“The game has changed every year and players today know what they need to do. They know they will be the only ones impacted if they’re under-done when they come back. And injuries often come on the back of being de-conditioned.
“I’ve explained to the guys when we do come back, we need to focus on our football, not getting fit. They need to get themselves fit.”
Arthur will speak with his high-performance staff Trent Elkin and Brendan Inkster at 8pm each night to discuss ”what’s going and what might not be going on”. Most clubs require players to constantly report on their training compliance, and many download GPS data as well.
And with ARL Commission chair Peter V’landys declaring the May 28 comeback date, which could be delayed a week to June 4, Arthur and his fellow head coaches know it will be so much easier for their players to remain motivated.
It was only a few weeks ago the players and coaches were contemplating not lacing up their boots again this year.
Arthur said three weeks would be an ideal amount of time for the players to return to field sessions as a group, and it ”would have been a different story had we been more than three months away from playing”.
The scrapping of the Canterbury Cup also means training sessions will be extra intense, Arthur said, with fringe first-graders aware they can no longer press their NRL claims on-field in the feeder competition.
Wests Tigers coach Michael Maguire has also given his players constant feedback on their training and tries to keep spirits high with in-house contests, like push-up competitions.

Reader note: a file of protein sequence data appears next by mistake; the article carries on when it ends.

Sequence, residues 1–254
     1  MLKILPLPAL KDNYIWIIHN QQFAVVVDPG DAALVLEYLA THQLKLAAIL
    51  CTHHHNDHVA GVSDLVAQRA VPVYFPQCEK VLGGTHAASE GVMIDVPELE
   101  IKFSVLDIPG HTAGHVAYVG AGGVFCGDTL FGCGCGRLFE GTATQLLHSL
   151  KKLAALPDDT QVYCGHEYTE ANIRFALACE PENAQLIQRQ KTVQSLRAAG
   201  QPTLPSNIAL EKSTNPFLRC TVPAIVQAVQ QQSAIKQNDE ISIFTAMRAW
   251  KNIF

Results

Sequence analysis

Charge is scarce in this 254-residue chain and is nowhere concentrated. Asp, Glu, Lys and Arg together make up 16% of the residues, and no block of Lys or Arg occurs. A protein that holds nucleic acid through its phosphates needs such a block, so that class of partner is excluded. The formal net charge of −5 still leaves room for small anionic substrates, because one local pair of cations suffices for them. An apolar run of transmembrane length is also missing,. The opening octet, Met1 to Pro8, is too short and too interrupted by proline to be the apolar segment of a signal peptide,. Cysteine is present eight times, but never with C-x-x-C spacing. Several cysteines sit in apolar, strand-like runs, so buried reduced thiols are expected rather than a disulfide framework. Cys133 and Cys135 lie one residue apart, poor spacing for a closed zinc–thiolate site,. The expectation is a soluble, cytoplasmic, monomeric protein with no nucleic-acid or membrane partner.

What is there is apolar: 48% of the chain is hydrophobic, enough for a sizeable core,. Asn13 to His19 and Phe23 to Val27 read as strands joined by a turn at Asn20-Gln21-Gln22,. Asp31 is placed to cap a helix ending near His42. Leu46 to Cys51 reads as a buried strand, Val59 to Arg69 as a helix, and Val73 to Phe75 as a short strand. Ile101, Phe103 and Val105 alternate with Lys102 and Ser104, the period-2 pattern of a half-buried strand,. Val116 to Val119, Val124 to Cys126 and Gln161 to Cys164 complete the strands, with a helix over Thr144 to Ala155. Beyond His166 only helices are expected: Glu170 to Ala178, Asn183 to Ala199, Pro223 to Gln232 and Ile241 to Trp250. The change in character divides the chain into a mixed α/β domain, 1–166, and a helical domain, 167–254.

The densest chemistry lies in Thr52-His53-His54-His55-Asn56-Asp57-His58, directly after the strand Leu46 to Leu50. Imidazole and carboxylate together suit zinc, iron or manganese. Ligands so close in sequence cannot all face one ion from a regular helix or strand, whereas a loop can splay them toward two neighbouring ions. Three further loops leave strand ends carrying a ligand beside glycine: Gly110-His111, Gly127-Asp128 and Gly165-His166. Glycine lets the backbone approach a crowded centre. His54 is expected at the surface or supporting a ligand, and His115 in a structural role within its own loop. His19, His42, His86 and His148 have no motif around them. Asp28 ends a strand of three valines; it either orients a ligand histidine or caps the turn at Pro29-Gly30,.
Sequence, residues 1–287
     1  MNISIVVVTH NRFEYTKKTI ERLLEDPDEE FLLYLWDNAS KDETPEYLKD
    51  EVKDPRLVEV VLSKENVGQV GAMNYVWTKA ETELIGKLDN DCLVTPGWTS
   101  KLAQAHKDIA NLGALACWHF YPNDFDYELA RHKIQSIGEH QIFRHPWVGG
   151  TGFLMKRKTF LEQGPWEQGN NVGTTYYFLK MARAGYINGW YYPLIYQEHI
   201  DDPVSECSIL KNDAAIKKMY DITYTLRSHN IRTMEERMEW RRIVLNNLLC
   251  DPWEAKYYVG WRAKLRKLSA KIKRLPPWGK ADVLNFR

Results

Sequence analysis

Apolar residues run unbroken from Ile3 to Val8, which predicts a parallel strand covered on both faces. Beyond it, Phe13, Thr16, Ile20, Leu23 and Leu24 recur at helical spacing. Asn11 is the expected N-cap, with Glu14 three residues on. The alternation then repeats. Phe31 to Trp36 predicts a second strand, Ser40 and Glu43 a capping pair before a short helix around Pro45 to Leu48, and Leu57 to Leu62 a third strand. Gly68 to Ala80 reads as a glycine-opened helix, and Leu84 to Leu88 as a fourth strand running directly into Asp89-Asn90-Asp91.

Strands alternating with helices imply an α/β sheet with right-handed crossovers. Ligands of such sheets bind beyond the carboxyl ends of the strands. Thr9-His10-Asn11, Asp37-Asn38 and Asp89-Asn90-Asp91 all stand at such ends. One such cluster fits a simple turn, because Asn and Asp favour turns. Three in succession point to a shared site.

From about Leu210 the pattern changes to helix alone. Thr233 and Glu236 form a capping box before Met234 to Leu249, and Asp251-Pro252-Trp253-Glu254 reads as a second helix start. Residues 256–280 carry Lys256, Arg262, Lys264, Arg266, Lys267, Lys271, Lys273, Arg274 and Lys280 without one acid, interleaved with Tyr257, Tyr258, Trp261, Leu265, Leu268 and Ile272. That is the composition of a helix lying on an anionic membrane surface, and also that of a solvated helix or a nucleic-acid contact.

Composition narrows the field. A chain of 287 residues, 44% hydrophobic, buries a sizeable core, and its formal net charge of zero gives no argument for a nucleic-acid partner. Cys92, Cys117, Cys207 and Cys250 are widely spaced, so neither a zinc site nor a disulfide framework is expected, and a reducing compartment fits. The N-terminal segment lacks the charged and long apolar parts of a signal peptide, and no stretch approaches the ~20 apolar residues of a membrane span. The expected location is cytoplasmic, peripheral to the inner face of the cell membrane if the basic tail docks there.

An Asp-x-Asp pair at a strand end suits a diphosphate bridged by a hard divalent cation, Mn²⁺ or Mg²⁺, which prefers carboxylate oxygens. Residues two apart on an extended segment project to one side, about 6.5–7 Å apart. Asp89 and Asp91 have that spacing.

Like Arthur, Maguire said two to three weeks would be an ideal amount of time for the group to come out of isolation and train together.
“Intensity and ball work will take some time to come back, but two or three weeks would be nice,” Maguire said.
“Now a date has been set for the return, people can focus on what’s ahead. Everyone has different forms of motivation, but to have a date will make it easier for the players.”
Harry Grant arrived from Melbourne as part of the swap deal with the Tigers’ Paul Momirovski. He managed to join in only one field session before the competition was suspended. He continued north to his central Queensland seaside home town of Yeppoon where he’s continued to liaise with Maguire and train.
Canberra coach Ricky Stuart said a timeframe for returning to training was yet to be determined but he was confident his players would come back in good shape.
“It’s a hard one to answer, but it will all depend on the discipline and attitude the players show through their isolation,” Stuart said.
After giving his players time and space to work through what it would mean for them to pocket just two months more of wages and no football, Stuart said he had ”cranked up the communication” the past fortnight and ”I’m very happy with how they’ve handled this adversity”.
Christian covers rugby league for The Sydney Morning Herald.